- Equal pay is failing to pay the same wage to staff doing the same work, work of equal value or work rated as being of “equivalent value” following a job evaluation study. An example the lawyers at LincsLaw Solicitors have dealt with include:
- An employee who, following a job evaluation exercise, was denied her increase in salary.
If you have suffered discrimination, you need expert, specialist, legal advice. For a free, no obligation discussion, contact the experienced employment lawyers at Lincoln based LincsLaw Solicitors.
Bullying and Harassment
All employees have a right to work in a safe environment. Unfortunately, many people suffer bullying and harassment in the workplace.
- offensive, intimidating, malicious or insulting behaviour;
- abuse of authority which violates the dignity of staff;
- creating a hostile environment against a member of staff;
- the undermining, humiliation or injury of a member of staff.
If the bullying is due to the individual’s sex, marital status, sexual orientation, race, colour, ethnicity, nationality, pregnancy and maternity, religion or belief, age or disability, then it may well be actionable under the Equality Act 2010. Even if it not attributable to those particular characteristics, it is likely to be in breach of the Employer’s policies and procedure and the individual’s contract of employment.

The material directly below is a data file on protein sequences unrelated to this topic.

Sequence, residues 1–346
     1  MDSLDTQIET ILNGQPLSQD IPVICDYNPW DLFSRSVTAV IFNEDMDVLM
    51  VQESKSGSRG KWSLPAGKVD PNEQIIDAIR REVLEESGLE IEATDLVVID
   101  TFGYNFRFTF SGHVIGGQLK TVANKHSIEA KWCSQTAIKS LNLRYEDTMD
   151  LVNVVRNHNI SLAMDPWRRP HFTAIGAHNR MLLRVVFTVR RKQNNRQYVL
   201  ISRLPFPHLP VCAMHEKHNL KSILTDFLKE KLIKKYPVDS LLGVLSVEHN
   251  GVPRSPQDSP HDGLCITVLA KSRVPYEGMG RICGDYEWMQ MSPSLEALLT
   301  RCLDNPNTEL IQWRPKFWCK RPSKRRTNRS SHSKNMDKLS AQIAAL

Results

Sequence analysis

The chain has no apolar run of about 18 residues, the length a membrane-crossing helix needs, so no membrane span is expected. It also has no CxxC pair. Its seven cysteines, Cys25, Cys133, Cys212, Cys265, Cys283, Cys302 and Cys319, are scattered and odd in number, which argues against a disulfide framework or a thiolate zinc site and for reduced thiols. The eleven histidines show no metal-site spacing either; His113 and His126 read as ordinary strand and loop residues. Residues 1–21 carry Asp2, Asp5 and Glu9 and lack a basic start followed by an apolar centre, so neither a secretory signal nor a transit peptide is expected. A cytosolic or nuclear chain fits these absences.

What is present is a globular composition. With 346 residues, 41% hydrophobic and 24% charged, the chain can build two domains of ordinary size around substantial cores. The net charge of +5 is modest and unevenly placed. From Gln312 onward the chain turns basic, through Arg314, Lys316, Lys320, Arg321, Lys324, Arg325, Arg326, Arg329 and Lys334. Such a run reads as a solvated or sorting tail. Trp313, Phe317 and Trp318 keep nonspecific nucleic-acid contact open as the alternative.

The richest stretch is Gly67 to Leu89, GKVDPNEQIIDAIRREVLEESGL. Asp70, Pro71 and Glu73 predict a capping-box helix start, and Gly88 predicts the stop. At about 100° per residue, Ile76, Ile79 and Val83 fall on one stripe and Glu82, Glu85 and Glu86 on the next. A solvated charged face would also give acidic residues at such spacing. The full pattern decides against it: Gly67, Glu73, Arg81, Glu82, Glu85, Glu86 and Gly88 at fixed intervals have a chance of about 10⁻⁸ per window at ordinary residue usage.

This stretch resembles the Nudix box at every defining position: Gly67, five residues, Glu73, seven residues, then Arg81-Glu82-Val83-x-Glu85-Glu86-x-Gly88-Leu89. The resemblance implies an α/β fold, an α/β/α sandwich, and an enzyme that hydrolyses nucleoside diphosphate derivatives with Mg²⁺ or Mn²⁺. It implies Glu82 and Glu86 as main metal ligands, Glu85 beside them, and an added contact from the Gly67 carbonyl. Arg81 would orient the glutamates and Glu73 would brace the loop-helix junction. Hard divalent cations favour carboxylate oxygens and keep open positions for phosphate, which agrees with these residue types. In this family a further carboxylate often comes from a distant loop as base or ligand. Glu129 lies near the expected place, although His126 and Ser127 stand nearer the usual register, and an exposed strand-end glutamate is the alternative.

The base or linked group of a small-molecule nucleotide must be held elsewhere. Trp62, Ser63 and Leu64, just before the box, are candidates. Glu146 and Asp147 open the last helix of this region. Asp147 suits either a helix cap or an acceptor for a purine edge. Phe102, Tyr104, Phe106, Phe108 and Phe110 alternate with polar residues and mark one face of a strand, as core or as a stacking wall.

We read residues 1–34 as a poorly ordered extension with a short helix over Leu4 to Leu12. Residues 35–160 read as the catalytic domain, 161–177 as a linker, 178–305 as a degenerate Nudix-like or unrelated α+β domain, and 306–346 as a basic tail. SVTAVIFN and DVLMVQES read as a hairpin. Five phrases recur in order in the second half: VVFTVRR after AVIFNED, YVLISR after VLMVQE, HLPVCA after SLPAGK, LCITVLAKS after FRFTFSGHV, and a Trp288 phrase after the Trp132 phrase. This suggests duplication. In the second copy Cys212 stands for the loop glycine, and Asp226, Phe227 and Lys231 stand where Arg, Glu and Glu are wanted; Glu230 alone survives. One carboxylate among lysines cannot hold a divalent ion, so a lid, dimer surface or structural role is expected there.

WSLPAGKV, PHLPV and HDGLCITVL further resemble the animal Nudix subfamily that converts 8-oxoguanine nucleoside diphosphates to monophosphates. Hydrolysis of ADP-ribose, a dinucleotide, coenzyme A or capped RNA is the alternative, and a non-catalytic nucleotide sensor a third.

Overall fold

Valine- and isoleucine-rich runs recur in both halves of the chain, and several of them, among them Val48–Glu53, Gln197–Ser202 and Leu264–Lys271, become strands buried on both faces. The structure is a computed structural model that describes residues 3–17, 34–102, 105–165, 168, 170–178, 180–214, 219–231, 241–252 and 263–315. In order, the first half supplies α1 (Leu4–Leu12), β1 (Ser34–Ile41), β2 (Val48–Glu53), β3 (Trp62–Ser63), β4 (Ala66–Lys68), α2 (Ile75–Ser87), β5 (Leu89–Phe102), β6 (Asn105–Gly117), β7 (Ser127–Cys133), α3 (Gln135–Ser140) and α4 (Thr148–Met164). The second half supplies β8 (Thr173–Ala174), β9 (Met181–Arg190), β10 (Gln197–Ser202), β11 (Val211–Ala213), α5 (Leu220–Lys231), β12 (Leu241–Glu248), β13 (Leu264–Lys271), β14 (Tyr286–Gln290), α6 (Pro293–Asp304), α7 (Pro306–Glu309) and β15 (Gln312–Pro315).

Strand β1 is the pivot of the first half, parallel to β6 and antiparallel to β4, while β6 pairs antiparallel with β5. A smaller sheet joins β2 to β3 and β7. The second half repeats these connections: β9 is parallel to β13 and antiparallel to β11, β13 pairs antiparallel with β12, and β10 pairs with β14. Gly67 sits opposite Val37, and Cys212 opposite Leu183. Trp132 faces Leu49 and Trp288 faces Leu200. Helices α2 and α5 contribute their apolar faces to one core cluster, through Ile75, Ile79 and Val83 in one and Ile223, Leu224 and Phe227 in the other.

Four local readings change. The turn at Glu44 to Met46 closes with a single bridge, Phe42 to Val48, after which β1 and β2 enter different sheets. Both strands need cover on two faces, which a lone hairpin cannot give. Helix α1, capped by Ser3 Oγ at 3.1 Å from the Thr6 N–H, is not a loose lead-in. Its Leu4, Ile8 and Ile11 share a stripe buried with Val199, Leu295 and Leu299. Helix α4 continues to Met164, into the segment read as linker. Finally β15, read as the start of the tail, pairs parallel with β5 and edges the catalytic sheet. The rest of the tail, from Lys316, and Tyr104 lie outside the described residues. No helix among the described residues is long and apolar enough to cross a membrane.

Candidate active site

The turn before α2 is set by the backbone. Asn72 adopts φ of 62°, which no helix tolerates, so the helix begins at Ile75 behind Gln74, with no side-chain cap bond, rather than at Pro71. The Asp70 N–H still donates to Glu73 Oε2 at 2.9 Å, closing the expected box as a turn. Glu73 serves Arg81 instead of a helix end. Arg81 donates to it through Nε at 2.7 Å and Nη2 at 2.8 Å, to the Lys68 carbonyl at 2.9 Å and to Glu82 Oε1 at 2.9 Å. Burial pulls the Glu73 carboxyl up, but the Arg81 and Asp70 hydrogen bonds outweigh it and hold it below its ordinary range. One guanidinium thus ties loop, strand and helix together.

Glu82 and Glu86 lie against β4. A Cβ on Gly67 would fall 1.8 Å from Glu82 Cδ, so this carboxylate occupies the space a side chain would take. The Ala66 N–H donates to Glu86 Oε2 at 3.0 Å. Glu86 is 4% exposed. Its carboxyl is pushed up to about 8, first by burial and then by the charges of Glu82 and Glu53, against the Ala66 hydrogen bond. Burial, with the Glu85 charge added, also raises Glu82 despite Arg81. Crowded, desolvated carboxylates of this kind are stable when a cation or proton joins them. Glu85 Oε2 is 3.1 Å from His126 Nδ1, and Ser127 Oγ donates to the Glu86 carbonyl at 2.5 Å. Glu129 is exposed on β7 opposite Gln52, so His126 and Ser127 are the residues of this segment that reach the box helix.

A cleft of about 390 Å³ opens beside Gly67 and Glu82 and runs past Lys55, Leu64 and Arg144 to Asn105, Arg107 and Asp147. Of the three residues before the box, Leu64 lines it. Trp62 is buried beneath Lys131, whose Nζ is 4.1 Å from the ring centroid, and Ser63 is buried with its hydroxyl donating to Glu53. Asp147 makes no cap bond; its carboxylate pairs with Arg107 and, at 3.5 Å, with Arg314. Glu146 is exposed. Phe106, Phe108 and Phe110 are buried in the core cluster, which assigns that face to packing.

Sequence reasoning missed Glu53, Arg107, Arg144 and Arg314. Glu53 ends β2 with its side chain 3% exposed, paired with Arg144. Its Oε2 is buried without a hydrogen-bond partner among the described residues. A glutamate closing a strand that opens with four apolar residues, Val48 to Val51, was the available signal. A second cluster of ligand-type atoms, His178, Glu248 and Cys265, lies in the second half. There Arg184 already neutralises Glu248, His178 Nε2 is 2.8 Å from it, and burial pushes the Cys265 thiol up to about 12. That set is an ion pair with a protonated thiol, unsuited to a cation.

Harassment is unwanted conduct which has the purpose of violating the dignity of a person or persons in the workplace or of creating an intimidating, hostile, degrading or offensive environment. Harassment can include making offensive or intimidating comments, unwanted sexual advances, making threats about job security, etc.
If you have suffered bullying and harassment at work, you need expert, specialist legal advice. For a free, no obligation discussion, contact the experienced employment lawyers at Lincoln based LincsLaw Solicitors.
What can you do to protect yourself?
We would ask anyone who is suffering bullying and harassment at work to contact us to discuss their situation. In addition, you may consider doing all or some of the following:-
- Keep a written record or diary of all incidents. Record the date, time and detail of the incident. Make a note of who anyone directly involved and any people who witnessed the incident.
- If appropriate, speak informally to the line manger/supervisor of the people involved and seek their assistance to stop the bullying and harassment. Keep a note of your conversation and the action they agreed to take.
- Obtain copies of any policies or procedures your employer has regarding equality or dignity at work, discrimination and/or bullying and harassment.
- Submit a formal complaint or grievance to your employer. We have a free downloadable guide to assist you.
Once again, we would state that if you have suffered bullying and harassment at work, you need expert, specialist legal advice. For a free, no obligation discussion, contact the experienced employment lawyers at Lincoln based LincsLaw Solicitors.